A pallet made according to this invention has a deck that provides a goods-supporting surface along with a plurality of recessed portions that form angled leg portions below the lower surface of the deck. In a preferred embodiment, the angle or draft of sidewalls of the recess is about 4° from vertical. The pallet also includes a first and second plurality of full window-framed runners, the first plurality of window-framed runners being arranged perpendicular to the second plurality of window-framed runners in order to accommodate 4-way entry for a forklift truck. Each window-framed runner shares an angled sidewall of each of the two adjacent recessed portions that it is located between. The runners are also offset from the peripheral edge of the pallet.

The plurality of recessed portions includes a centrally located recessed portion, recessed portions located toward a peripheral edge of the pallet, and recessed portions located at the corners of the pallet. Each edge or side recessed shares a common centerline with the central recessed portion. The goods supporting surface may be a solid surface having a plurality of ribs on its lower surface. The runners may also include ribs.

To accommodate the floor runner portion of a second pallet and help provide an interlocking design, the deck includes a plurality of channels. Each channel is located above a floor runner portion of an opposing window-framed runner and sized to receive a window-framed runner of the second pallet. Each recessed portion also includes a stop to arrest the downward travel of the foot portion of the second pallet so that about half the height of the second pallet nests within the first pallet.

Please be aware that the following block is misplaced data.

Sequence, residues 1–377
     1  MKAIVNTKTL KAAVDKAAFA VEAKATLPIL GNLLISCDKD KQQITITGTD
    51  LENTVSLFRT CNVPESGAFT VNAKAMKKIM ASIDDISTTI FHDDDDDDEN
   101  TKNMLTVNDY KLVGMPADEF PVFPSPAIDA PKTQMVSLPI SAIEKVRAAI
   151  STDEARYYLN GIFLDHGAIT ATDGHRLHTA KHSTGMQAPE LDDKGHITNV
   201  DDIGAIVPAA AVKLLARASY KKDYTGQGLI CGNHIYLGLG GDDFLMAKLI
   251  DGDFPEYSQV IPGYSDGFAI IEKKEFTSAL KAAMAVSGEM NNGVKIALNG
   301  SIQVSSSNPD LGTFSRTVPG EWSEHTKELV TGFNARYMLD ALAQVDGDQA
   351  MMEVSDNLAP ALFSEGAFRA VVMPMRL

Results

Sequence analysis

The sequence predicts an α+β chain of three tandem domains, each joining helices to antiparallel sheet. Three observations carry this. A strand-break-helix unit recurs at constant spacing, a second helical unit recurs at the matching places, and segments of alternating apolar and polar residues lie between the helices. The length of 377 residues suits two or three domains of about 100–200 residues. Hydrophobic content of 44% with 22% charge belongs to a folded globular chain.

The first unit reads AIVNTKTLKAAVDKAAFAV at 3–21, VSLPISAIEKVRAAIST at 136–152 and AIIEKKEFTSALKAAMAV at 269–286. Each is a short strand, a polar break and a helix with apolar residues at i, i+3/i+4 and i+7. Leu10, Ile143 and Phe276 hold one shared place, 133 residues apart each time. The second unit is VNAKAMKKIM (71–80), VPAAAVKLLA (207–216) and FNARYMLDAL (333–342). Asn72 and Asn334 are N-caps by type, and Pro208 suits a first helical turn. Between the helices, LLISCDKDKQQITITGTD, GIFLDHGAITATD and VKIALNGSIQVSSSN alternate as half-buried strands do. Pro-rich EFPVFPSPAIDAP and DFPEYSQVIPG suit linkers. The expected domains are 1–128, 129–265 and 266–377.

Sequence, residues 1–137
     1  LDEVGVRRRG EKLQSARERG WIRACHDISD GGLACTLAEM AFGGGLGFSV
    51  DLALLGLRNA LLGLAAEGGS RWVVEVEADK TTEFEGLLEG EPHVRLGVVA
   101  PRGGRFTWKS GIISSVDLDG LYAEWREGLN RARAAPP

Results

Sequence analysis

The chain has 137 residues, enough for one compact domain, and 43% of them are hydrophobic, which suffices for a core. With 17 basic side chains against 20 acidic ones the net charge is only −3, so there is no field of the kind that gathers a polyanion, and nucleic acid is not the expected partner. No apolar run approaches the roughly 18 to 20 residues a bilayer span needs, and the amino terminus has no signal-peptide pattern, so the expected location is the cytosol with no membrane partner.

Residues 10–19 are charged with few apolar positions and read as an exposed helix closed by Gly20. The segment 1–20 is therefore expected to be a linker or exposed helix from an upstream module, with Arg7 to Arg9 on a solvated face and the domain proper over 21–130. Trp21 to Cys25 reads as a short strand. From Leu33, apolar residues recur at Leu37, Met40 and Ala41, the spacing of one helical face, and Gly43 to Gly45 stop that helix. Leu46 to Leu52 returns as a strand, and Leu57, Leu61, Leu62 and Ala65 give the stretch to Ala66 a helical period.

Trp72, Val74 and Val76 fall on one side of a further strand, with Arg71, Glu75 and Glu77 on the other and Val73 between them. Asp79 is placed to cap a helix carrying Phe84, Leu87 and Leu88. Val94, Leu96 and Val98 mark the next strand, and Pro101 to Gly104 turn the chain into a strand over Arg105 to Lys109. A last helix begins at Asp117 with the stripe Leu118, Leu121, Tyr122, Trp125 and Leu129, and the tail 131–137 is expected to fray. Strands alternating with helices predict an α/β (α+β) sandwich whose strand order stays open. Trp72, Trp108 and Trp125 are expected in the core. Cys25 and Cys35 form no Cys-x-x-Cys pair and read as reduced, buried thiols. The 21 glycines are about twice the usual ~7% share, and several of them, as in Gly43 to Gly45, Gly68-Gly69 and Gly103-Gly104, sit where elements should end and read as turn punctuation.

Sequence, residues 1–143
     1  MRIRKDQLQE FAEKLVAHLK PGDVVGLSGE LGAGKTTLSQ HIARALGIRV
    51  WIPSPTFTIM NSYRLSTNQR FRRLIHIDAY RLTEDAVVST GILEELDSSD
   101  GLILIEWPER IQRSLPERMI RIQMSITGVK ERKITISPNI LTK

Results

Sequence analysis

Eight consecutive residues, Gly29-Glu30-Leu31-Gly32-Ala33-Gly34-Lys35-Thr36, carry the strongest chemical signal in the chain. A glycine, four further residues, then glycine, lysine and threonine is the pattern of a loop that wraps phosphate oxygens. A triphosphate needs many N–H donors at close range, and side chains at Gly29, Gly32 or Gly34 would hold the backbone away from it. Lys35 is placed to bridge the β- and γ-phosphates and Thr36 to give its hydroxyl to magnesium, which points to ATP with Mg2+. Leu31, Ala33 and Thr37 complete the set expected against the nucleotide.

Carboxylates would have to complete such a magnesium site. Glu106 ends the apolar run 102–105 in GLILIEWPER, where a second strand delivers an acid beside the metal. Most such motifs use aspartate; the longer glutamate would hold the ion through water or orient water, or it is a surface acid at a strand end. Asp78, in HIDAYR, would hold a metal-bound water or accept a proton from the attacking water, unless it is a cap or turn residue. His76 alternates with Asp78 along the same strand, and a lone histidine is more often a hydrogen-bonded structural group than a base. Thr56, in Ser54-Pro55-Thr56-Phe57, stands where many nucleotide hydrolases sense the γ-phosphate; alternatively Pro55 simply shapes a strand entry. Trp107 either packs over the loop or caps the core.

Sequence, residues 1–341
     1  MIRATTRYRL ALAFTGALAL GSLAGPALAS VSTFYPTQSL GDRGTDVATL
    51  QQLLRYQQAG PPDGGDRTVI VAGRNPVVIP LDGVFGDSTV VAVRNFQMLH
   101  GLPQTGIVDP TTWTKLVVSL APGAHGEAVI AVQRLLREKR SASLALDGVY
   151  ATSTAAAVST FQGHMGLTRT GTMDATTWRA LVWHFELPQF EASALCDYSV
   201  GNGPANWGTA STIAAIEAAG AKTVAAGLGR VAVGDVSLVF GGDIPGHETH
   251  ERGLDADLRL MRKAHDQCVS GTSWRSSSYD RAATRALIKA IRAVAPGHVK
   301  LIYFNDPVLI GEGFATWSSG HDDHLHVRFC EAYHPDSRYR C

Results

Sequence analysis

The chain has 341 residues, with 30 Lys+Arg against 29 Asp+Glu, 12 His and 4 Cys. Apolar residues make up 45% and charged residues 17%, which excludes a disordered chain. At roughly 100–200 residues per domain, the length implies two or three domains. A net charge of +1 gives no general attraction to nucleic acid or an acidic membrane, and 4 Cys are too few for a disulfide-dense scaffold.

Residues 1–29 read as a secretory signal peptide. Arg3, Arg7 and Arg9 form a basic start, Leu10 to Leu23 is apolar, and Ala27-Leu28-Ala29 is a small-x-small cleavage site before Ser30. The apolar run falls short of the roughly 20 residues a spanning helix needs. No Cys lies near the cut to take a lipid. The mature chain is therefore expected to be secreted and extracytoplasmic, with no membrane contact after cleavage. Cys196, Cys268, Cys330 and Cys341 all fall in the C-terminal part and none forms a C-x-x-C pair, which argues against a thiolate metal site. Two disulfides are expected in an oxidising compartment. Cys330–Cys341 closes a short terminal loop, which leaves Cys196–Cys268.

Objects of the invention are to provide a plastic nesting pallet that has (1) a one-piece design; (2) full window-frame runners (stringers) to improve safety during transport and stacking; (3) a runner design that improves pallet storage at least about 50%; (4) runners which are off-set and chamfered to protect the feet; (5) runners with a common dimension; (6) a top deck that incorporates the runners but still allows the pallet to nest; (7) a foot design that provides an inter-locking footprint but allows for de-stacking; and (8) more static and dynamic load carrying capacity than a similarly sized wooden pallet yet is at least one-third the weight of that pallet.

BRIEF DESCRIPTION OF THE DRAWINGS

FIG. 1 is a top view of a preferred embodiment of a pallet made according to this invention.

FIG. 2 is an elevation front view of the pallet of FIG. 1.

FIG. 3 is a cross-section view of the pallet of FIG. 1 taken along section line 3-3.

FIG. 4 is an elevation right-side view of the pallet of FIG. 1, the left-side being a mirror image.

FIG. 5 is a bottom view of the pallet of FIG. 1

FIG. 6 is an isometric view of the pallet of FIG. 1.

FIG. 7 is an isometric bottom view of the pallet of FIG. 1.

FIG. 8 is a cross-section view of the pallet of FIG. 1 as it nests within other pallets.

FIG. 9 is a partial bottom view of another preferred embodiment of a pallet made according to this invention.

ELEMENTS

The following elements are illustrated in the drawings and referenced in the Detailed Description of the Preferred Embodiments

10Stack-and-nest pallet
11First pallet side
13Centerline